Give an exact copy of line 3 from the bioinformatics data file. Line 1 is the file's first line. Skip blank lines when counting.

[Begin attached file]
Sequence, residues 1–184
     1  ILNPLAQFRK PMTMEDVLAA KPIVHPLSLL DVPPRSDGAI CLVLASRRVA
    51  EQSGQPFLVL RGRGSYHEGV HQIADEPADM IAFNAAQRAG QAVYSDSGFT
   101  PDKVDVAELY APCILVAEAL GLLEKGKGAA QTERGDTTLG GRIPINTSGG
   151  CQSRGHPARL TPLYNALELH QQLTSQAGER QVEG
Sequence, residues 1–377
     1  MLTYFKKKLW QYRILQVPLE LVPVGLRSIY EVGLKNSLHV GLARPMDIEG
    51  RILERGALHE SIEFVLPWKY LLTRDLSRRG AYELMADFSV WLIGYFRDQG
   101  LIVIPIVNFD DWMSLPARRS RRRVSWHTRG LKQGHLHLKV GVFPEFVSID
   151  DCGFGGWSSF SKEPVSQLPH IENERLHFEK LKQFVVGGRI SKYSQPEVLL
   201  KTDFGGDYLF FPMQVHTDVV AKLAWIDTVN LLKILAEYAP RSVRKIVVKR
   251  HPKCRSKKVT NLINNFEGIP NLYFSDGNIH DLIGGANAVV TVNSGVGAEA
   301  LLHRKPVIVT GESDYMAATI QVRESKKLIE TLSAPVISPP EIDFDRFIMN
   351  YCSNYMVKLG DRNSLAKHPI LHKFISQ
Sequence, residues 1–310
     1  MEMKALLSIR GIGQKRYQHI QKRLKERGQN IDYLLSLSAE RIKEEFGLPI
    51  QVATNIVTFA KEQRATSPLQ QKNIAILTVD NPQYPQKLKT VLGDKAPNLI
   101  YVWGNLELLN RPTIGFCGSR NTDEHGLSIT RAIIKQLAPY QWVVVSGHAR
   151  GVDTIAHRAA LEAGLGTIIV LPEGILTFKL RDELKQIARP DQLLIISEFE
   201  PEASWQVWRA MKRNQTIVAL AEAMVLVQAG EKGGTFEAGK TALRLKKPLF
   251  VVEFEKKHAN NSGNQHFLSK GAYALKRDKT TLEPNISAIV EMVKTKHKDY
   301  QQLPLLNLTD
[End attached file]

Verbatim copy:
    51  EQSGQPFLVL RGRGSYHEGV HQIADEPADM IAFNAAQRAG QAVYSDSGFT